Fruit picking becomes the new 'schoolies'

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Teenagers desperate to spread their wings post-lockdown may be the answer to Australia's embattled farming and hospitality industries, says celebrity chef and fourth-generation farmer Matt Moran.

Rural businesses are struggling to harvest crops or serve customers in a post-pandemic world because they simply don't have the staff, he says.

Many of Moran's own employees - including one who had worked for him for a decade - had to return to their home countries when COVID hit because their visas didn't entitle them to JobKeeper.

"When a farmer works so bloody hard to grow something, to nurture something and then watch it be spoilt on the ground - it's actually devastating," Moran told AAP from his NSW Central Tablelands farm.

"And we are incredibly short staffed across the board in virtually every one of my (restaurant) businesses, being dictated to as to when we can open and when we can't because we just don't have enough staff."

Meanwhile, Aussie teens have had to adapt to a restricted, home-centric lifestyle over the past 18 months, missing out on traditional rites of passage like finals and formals, footy and festivals.

As the restrictions lift, the borders reopen and life begins to return to normal, it is hardly surprising many young Aussies are looking to reclaim some of their yet-to-be-misspent-youth.

"The worst part is that I didn't really get to finish year 12 properly, I was home for most of it," said 18-year-old Vanessa Raptis from Bardwell Park in Sydney's south.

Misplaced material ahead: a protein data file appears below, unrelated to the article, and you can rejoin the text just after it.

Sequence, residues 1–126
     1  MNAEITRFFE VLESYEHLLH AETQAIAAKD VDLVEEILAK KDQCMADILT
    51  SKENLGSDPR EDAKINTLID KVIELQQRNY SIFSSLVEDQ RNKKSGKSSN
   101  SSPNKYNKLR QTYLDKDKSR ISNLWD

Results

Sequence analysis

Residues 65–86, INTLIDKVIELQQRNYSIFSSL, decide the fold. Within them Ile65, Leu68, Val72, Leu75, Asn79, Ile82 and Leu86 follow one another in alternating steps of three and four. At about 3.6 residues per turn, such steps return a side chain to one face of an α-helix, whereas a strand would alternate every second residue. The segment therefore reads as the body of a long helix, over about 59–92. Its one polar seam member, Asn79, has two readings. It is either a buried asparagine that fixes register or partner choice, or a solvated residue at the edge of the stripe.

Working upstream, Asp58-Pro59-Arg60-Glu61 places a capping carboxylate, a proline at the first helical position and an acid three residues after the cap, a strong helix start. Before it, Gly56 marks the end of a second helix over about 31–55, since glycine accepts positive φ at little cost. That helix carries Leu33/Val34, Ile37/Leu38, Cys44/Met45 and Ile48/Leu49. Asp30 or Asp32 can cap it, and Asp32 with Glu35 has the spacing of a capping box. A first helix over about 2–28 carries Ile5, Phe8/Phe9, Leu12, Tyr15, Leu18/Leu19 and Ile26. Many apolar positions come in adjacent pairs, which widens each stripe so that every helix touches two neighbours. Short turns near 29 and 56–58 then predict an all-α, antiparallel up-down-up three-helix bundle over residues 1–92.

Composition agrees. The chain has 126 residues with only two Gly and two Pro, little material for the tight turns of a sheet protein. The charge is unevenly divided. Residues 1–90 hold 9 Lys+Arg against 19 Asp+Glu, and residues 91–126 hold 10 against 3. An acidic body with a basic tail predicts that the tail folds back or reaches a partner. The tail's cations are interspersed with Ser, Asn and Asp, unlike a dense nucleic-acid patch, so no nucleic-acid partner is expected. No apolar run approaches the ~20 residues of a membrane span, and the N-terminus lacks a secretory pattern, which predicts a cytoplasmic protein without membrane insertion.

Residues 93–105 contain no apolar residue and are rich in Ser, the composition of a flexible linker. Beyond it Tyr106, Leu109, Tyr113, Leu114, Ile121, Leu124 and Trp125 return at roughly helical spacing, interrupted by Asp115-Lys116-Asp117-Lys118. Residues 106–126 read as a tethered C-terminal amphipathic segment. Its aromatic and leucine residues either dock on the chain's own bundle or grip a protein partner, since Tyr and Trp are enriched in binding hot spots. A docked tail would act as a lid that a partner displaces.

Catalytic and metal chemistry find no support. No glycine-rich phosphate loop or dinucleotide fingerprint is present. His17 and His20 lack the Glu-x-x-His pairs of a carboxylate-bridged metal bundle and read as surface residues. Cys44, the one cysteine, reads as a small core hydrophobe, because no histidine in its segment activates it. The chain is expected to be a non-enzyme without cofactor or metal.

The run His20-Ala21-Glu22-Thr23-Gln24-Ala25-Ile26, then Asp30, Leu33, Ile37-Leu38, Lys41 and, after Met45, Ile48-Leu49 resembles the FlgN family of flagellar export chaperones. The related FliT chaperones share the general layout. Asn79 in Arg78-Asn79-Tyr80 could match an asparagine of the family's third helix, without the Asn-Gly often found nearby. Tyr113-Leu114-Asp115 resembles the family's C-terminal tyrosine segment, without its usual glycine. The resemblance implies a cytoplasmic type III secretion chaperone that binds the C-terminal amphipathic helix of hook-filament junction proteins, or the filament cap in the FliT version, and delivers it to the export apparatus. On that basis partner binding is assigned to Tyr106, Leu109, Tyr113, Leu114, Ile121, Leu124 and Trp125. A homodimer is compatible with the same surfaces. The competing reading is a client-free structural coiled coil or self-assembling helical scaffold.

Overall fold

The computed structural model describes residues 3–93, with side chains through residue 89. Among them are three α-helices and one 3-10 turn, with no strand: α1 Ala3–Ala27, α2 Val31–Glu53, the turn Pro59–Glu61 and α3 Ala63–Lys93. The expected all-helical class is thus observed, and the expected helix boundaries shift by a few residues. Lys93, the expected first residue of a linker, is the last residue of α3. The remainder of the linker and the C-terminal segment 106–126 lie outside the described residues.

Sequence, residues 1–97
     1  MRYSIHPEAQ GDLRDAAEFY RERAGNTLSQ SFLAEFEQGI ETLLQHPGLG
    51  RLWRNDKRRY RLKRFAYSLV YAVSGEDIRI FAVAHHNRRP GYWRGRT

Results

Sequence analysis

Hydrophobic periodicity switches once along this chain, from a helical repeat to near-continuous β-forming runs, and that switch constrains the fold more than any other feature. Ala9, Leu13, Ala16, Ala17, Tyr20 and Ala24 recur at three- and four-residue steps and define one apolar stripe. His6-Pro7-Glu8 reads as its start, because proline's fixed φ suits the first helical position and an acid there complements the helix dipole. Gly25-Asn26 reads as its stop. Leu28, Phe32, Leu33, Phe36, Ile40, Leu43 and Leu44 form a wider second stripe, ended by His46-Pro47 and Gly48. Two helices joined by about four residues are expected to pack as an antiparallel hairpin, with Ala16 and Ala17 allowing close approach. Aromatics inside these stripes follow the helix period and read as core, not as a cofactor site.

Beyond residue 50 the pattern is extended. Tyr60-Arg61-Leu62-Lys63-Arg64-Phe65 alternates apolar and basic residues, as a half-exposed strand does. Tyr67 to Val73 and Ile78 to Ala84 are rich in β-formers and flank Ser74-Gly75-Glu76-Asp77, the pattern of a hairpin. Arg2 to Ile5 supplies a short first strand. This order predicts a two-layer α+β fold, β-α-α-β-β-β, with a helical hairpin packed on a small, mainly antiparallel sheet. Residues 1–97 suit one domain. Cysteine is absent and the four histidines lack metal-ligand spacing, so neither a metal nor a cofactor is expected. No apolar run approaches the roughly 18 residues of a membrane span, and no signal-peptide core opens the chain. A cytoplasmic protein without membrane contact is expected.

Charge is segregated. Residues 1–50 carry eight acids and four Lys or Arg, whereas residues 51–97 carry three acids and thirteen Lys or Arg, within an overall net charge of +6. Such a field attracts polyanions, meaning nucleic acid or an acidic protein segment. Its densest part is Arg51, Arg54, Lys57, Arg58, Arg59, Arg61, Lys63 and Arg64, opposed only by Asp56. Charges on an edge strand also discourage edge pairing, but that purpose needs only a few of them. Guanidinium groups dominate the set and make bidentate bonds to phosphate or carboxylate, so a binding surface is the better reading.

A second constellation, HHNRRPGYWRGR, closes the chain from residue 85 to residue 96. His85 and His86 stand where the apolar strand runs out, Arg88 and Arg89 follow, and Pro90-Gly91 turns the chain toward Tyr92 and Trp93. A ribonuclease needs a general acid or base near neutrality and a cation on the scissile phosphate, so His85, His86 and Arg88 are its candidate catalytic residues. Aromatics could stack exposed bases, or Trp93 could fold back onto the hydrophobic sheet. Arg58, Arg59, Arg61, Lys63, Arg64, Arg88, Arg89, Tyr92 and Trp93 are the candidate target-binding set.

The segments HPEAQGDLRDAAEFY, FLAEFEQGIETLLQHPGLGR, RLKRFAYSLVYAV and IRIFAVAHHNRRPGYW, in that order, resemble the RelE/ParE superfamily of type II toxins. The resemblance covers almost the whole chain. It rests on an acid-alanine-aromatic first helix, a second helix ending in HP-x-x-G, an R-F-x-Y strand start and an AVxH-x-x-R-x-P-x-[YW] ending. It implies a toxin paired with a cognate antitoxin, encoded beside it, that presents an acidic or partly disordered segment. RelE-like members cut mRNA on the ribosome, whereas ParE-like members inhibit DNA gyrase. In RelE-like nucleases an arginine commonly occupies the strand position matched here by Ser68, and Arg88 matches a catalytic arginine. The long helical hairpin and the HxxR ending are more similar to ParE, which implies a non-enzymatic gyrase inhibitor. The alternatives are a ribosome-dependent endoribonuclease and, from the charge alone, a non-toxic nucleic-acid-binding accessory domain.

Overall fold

"I'm never going to get that time back."

Keen to get out of town after the interminable lockdowns, Vanessa jumped at the chance to take part in a GAP (Go-And-Pour or Go-And-Pick) year scheme where she will be offered free training and a job placement in rural or regional Australia.

The initiative, run by Thankful4Farmers and Training Services NSW, is designed to match young Aussies looking for adventure with jobs as fruit or vegetable pickers, or in hospitality or retail - helping to salvage those struggling industries.

"The experience of being out picking fruit and pouring for people that I wouldn't otherwise see in everyday life is really exciting to me," said Vanessa, who hopes to work while studying radiography at university.

"You don't have to pay for these skills which can be quite expensive to gain and you're also getting really amazing opportunities and meeting new people."

Vanessa is passionate about social justice and sees this as an opportunity to 'do her bit'.

"For me, this is all about giving back to Australia where it's most needed," she said.

Moran attributes his own work ethic and appreciation for food to his experiences growing up on a dairy farm.

"You appreciate food more. You learn how hard farmers work and it gave me a very good work ethic," the Thankful4Farmers ambassador said.

"They get the experience and they get to help the farmers in a massive way."

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